Thursday, March 07, 2024

LWF Commission opts for 4-fish limit

Today the Louisiana Wildlife & Fisheries Commission rescinded the proposed Notice of Intent (NOI) for new redfish regulations of a 3-fish daily creel, 18"-27" slot with no overslots, and replaced it with a 4-fish daily creel, also with a 18"-27" slot (no overslots).  So basically added 1 more fish to the proposed daily limit. But in doing so, that extra fish will add 11 more years to the Spawing Potential Ration (SPR) recovery to the Conservation Standard. 

Comments were evenly divided between the 3-fish and 4-fish proponents. Two new commission members both voted for 4-fish while the retired members they replaced had both voted in support of 3-fish. CCA Louisiana has been spearheading efforts to get a 4-fish regulation in place, while Fly Fishers International Gulf Council (FFI-GCC), Louisiana Wildlife Federation, and other groups supported the 3-fish limit.

A public hearing will be held on April 29th for the modified NOI.  If no further changes are made, this proposed regulation will go into effect either July or August.

Sunday, March 03, 2024

LWF Commission to review redfish regs - again!

This Thursday, March 7th, the Louisiana Wildlife & Fisheries Commission will once again review arguments and consider amendments to proposed redfish regulations. This comes after the 3-fish, 18-27 inch slot proposed Notice of Intent (NOI) passed in December by the Commission was only days away from taking effect.

By now, it's common knowledge that redfish are being overfished. In addition to a number of environmental problems that plague the species, the amount of fishing pressure has more than doubled since the current regulations were established in 1988. Biologists say that changes are necessary to restore both Escapement Rate and Spawning Potential Ratio (SPR) back to the conservation standard.

Several conservation groups have supported the 3-fish NOI, including the American Sportfishing Guides Association (ASGA), the Louisiana Wildlife Federation, the Gulf Coast Council of Fly Fishers International (FFI), to name a few.

However, one “conservation” group – along with their bowfishing allies – have continued to push for a four fish limit. What's the difference between a 3-fish limit and a 4-fish limit of the same slot sizes?  About 17 years longer recovery with the 4-fish limit! That group is not denying that they would like to build a hatchery for the purpose of stocking red drum in Louisiana waters. This despite much evidence that hatchery-raised redfish contribute less than 2 percent to recruitment of spawning stock.

What can you do?

  • Contact Commission members below and ask them to retain the current 3-fish NOI, and a faster recovery period.
  • Contact your state legislator and let them know you support the 3-fish NOI.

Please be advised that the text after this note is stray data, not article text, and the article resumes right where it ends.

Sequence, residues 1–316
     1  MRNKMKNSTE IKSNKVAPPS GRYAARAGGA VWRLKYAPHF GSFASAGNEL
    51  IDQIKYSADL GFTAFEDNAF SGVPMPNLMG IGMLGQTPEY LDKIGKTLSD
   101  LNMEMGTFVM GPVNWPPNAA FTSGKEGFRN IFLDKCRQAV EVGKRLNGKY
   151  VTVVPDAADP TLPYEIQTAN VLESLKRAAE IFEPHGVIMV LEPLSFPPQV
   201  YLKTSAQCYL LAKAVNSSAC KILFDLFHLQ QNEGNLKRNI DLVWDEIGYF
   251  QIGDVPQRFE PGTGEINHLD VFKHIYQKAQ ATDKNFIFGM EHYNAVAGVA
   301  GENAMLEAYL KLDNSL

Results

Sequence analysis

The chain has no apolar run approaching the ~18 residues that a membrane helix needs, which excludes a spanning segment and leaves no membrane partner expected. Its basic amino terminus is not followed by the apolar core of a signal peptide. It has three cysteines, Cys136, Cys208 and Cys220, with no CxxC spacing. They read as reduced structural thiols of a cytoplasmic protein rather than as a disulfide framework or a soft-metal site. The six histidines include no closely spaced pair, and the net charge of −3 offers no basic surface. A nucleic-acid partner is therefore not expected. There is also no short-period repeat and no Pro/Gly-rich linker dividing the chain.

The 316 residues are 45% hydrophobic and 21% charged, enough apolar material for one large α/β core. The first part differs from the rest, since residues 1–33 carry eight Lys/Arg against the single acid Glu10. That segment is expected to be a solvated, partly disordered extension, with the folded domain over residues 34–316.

• If possible, attend the March 7th Commission meeting in Baton Rouge and speak out!

In crafting your email, be kind and courteous. Please point out some of the issues facing redfish, including the fact that we've doubled the number of anglers since the current regulations were set 36 years ago!

Opponents of the 3-fish NOI have stated they are seeing lots of small reds in the marsh. At least where they fish.. not everyone is seeing this. The real problem is the number of fish making it to maturity. It takes 4-5 years, during which they have to avoid more threats now than ever before. At least 30 percent must escape or our stocks will continue to decline.

Again, if you can make the Commission hearing on March 7th, PLEASE DO SO. Meetings are held at LDWF headquarters, 2000 Quail Drive in Baton Rouge, LA, beginning at 9:30 a.m..

If you can attend, please sign up prior to the meeting start to speak on the topic. Instructions are given when you signup.

Members of the Louisiana Wildlife and Fisheries Commission

LA House Natural Resources Committee

With a strong email effort, and a strong turnout, we can finally win the battle to give redfish the faster recovery they need.

Monday, February 26, 2024

Finesse for success for spawning bass

The bass spawn is on in some parts of the state. This is an opportunity to catch a trophy-sized fish, or even just a larger specimen, on your fly rod.

Back in the days when I fished conventional tournaments - and even some that I've fished more recently - the key to getting a spawning bass to eat was to present the lure in the most delicate way possible and keep it near the fish as long as possible.  These "finesse" tactics can be applied to fly fishing as well.

The key is small and near-weightless flies, and longer leaders 8 to 9 feet. I leave the 8-weight at home and bring a 6-weight outfit. That might seem a bit light for battling a big bass. But before you can battle the fish, you need to get it to eat. Spawning bass are exceptionally spooky!  Light tackle and finesse flies are the ticket.

Think about what the conventional angler might use in this situation. From my experience, nothing beats a wacky worm or a fluke. Comparable worm-like flies would be Terry Wilson's Bass Bully or Ted Cabali's Cabali Creature (shown on left).